#12 CAFE standards have nothing to do with their current problems. They make over-priced crap cars with little to no innovation. The SUV/large truck market implosion has been happening in slow motion for the past 2 years. They should have seen the writing on the wall and started making changes then to be ready now. Of course the unions are killing them from the inside as well. Best to let them die now and hope something better arises from the ashes.
Posted by AllahHateMe 2008-11-09 12:49||   2008-11-09 12:49|| Front Page Top

#13 We might also point out that the benefits of conglomeration continue to work just as well today as they did for Freddy Ling. If there were multiple car companies, say Chevrolet, Oldsmobile, Buick, Cadillac, Pontiac and Saturn, and one of them went titzup the others wouldn't be effected. Instead all of the automotive eggs are in one basket, none of them have to compete against the others, and management is not only ossified but in many cases hereditary.

Chrysler going under doesn't really effect Chevy and Ford. None of the "big three" going under is going to effect Toyota or Nissan or KIA, anymore than Daewoo going under effected the rest.

The same applies to the insurance companies, who've been spending way too much time acquiring each other, and to the banks, who've been doing even more of it. It applies to tech companies, to the tire companies -- remember when Kelly tires were domestically produced? -- and to airlines. Single point of failure, as any engineer will attest, will result in catastrophic failure if it goes, and it's always just a matter of time until it goes.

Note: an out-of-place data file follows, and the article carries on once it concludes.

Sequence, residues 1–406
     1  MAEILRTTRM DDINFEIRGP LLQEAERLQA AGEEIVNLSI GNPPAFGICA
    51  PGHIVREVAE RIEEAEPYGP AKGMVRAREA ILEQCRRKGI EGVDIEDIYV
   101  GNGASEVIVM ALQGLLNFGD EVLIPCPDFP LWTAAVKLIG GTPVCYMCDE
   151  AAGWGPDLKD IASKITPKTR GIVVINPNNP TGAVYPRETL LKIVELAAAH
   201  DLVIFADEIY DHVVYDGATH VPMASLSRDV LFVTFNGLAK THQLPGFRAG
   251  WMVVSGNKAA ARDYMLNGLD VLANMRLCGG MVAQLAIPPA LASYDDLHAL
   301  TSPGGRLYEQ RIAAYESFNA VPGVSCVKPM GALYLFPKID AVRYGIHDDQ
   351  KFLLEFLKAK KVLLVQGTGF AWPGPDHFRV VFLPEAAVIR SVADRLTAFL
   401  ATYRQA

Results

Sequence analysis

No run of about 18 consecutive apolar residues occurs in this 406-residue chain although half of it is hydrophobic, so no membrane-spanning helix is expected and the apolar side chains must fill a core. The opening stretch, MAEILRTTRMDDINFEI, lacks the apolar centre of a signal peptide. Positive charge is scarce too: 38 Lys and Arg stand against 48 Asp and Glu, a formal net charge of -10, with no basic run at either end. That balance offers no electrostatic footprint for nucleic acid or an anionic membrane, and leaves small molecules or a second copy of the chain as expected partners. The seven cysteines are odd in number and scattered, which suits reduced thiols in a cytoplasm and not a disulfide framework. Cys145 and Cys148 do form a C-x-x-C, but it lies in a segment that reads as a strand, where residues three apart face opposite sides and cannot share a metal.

There were good reasons Teddy Roosevelt fought the monopolies, and what we're seeing is lots of them right here.
Posted by Fred 2008-11-09 12:57||   2008-11-09 12:57|| Front Page Top

#14 The Detroit Lions are 0-8 (prolly 0-9 as of this post). They employed that perennial loser Matt Millen for yrs w/out result (actually the result was the worst NFL record over the past 15 yrs). The Lions are owned by the Ford family, is there any wonder that their NFL franchise is a mirror image of their auto company?
Posted by Broadhead6 2008-11-09 15:21||   2008-11-09 15:21|| Front Page Top

#15 My Honda way mainly made at Marysville Ohio. Higher quality than any American car I have owned other than an ancient Fury of my youth.

The US companies are being bled to death by their short-sighted unions.

A bailout will only serve to put money in the pockets of businesses that do nto deserve it and from there into union coffers.

NO to the automotive bailout.

Posted by OldSpook 2008-11-09 16:56||   2008-11-09 16:56|| Front Page Top